Gary Werskey: Falling Short: Learning from My Shortcomings as a Biographer

During the past four decades Gary Werskey has written biographies of British left-wing scientists and a forgotten British-Australian artist, as well as family histories and memoirs of his own life as a scholar-activist. In this talk Gary reflects on his attraction to the genre of biography, his own shortcomings as a biographer, and what he has learned from his diverse journeys into the labyrinth of other peoples’ lives and his own. Speaking to his younger self, he would now stress the importance of maintaining a more rigorous dialectic between biography and autobiography; better imagining how his subjects visualised their own lives and times; and recognising from the outset both the impossibility and necessity of biography—the queen of the human sciences.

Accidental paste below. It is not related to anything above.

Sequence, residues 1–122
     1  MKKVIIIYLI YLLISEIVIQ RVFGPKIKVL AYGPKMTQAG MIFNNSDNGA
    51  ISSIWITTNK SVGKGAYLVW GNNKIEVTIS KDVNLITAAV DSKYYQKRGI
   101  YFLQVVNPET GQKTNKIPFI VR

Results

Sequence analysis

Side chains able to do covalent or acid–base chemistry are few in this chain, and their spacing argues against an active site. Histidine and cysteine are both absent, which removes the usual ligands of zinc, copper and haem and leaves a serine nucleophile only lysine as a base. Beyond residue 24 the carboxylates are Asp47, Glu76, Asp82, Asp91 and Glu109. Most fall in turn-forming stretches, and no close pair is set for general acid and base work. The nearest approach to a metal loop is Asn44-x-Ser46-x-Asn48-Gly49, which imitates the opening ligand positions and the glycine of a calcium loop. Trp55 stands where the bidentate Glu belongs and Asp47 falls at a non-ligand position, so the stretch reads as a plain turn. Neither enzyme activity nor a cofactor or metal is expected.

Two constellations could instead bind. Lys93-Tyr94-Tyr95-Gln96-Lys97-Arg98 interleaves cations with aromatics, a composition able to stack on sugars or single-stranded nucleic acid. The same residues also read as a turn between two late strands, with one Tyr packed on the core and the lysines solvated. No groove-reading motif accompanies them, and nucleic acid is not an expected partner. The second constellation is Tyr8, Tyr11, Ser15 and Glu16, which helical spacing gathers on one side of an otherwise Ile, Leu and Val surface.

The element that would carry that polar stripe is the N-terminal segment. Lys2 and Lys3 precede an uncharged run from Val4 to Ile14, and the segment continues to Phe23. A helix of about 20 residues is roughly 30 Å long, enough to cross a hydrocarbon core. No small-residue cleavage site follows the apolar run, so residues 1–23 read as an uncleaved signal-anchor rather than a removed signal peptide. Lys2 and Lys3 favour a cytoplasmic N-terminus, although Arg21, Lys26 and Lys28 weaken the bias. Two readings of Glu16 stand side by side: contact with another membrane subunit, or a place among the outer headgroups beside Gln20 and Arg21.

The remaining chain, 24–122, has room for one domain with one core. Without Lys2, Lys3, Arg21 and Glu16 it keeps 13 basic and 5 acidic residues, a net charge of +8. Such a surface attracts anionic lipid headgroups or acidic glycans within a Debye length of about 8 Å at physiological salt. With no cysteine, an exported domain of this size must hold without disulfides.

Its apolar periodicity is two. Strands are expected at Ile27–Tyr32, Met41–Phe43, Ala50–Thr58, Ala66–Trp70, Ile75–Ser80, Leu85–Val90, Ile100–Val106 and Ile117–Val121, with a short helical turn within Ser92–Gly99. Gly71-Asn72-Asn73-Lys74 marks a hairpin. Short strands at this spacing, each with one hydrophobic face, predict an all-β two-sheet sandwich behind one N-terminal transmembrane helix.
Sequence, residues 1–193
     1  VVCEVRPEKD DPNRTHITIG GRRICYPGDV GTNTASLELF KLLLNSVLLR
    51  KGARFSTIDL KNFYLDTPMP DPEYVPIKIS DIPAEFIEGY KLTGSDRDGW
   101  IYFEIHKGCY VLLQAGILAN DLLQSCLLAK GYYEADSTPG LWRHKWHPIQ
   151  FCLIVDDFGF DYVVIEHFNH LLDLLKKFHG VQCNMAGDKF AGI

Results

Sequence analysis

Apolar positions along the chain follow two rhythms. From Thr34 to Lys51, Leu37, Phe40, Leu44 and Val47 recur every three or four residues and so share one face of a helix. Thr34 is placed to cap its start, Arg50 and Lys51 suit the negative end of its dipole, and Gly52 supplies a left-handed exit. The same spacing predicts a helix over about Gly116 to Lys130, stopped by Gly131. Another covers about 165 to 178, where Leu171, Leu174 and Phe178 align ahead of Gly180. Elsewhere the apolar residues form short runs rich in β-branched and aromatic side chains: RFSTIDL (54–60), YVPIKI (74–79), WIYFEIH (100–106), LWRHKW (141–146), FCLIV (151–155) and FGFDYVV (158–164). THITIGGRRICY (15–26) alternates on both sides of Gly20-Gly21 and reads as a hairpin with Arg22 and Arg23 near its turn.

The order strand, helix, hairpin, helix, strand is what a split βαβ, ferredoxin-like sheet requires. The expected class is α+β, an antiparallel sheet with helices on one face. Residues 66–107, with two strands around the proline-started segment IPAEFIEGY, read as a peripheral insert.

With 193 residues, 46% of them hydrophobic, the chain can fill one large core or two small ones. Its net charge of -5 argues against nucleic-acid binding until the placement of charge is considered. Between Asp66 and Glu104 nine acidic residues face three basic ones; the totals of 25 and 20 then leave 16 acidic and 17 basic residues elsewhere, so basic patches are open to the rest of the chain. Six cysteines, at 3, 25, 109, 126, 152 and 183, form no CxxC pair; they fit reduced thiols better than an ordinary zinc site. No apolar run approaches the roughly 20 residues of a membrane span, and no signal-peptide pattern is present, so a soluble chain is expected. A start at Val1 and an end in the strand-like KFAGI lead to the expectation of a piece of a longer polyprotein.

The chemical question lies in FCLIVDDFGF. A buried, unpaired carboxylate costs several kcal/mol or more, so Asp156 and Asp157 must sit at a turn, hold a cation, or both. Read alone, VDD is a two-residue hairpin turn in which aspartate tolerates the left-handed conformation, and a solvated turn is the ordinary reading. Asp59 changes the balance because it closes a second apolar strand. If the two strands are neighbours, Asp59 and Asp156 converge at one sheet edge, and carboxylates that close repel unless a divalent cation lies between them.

Dr Gary Werskey was educated at Northwestern and Harvard Universities before taking up academic positions at Edinburgh University, Imperial College, and the University of New South Wales. He is currently an Honorary Associate in the University of Sydney’s Department of History. His best-known work is The Visible College: A Collective Biography of British Scientists and Socialists of the 1930s (Allen Lane and Holt, Rinehart & Winston, 1978; Free Association Books, 1988). His latest publication is Picturing a Nation: The Art & Life of A.H. Fullwood (NewSouth Books, 2021). He also co-curated the National Library of Australia’s 2021 exhibition A Nation Imagined: The Artists of the Picturesque Atlas.

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Meeting ID: 849 0058 9945
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Date & time

Thu 26 May 2022, 11am


Seminar Room 4.69, Level 4, RSSS Building, 146 Ellery Cres, ANU


Dr Gary Werskey

Event series


National Centre of Biography


Sam Furphy


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